Grayson Zhang of the Ministry of Social Development is on a mission to get disadvantaged Kiwi youths in the technology sector.
Zhang is developing a pilot programme to get Kiwi youths (aged 18 to 24) to participate in an ‘IT work experience’ to expose them to the industry, help them build skills and connect with career mentors.
The emphasis will not be on paid ‘work placement’ but to give these young people from underserved communities the chance to explore the IT industry more deeply and encourage them to consider careers in the sector that they may not have considered before, says Zhang.
The programme is envisioned to last 10 to 13 weeks, with 30 participants - 15 each in Auckland and Wellington.
Zhang says the participants will meet with employers so they will have a better understanding of the range of opportunities available and potential career pathways in ICT.
They will be taught entry level IT skills, including an introduction to programming/development and IT infrastructure.
The participants will also take part in a number of paid ‘micro-internships'.
He points out an interesting question right now is the societal impact of increasing automation of jobs and digitisation of services. The programme aims to raise awareness on this issue.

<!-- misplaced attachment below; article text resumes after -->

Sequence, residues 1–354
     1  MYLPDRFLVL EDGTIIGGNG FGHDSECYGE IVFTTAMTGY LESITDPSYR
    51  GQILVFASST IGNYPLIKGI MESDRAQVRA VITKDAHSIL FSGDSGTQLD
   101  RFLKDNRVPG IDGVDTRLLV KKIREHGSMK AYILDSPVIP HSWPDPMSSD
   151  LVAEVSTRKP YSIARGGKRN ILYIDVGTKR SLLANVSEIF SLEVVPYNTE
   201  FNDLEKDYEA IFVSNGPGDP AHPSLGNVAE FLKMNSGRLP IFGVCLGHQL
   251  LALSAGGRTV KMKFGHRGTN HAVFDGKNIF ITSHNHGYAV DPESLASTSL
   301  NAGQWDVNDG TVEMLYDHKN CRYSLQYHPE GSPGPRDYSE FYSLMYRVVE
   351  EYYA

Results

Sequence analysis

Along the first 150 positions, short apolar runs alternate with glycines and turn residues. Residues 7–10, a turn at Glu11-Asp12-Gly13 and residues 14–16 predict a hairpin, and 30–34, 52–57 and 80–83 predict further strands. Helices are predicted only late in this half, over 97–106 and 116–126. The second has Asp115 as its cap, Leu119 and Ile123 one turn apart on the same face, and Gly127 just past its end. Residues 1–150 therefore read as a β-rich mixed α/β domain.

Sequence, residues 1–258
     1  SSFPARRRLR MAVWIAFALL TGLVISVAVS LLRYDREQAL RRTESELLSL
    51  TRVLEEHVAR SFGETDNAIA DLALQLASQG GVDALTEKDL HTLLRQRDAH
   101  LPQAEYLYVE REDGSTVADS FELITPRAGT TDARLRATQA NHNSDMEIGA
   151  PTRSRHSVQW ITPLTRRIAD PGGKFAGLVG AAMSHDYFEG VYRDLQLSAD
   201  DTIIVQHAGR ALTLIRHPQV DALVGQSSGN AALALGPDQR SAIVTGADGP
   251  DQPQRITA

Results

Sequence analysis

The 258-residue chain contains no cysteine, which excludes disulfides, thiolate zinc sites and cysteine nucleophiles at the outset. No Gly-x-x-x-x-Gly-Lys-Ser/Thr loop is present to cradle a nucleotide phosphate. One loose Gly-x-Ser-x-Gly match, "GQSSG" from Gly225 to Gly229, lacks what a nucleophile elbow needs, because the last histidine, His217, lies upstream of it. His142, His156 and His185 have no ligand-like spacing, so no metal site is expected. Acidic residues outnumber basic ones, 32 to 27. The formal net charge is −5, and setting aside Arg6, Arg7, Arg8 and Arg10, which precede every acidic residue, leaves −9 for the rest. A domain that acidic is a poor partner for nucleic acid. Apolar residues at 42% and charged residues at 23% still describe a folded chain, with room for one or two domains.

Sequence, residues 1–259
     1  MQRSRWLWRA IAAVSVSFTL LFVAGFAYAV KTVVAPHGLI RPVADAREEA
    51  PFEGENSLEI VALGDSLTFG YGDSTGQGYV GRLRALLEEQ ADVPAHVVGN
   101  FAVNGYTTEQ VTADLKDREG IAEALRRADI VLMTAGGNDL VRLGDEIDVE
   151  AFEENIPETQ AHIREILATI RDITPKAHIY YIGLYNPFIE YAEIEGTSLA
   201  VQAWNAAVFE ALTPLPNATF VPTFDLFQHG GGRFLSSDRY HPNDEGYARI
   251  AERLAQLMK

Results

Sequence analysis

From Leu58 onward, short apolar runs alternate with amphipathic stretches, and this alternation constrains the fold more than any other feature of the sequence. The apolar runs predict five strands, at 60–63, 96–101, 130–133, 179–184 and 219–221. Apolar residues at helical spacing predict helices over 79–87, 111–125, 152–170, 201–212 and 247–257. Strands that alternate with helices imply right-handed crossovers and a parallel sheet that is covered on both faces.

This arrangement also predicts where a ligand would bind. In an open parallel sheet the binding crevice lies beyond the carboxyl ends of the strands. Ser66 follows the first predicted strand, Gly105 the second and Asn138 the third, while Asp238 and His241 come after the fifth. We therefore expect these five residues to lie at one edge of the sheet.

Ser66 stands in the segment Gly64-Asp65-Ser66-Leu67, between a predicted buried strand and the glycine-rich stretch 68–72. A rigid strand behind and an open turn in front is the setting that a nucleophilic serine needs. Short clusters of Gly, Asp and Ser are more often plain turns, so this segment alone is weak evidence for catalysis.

Once something like this gets underway, gets entrenched and scaled up, then there is the potential for it to become a pathway in the industry that did not exist before, says Zhang.
'New collar jobs'
If your organisation has a strong CSR (corporate social responsibility) dimension, the IT work experience programme is an area you can get involved in, says Ian Scott, national manager, Randstad Technologies.
Scott says a lot of initiatives around workplace diversity is on gender, but this programme is around getting people of different socio-economic and cultural backgrounds to participate in ICT.
He says the programme is looking to address two issues, diversity and youth unemployment, or those in this group “who are not connecting to the labour market”.
“We are seeing the shifting of the creation of ‘new collar jobs’,” says Scott.
‘New collar jobs’, coined by IBM CEO Ginni Rometty, do not need a traditional four-year degree, but require a good amount of skills often obtained through vocational training.
“We can create an environment for those youth to connect to those jobs even before these are being created,” says Scott.
“It stops them from becoming disenfranchised and the creation of social issues off the back of it.”
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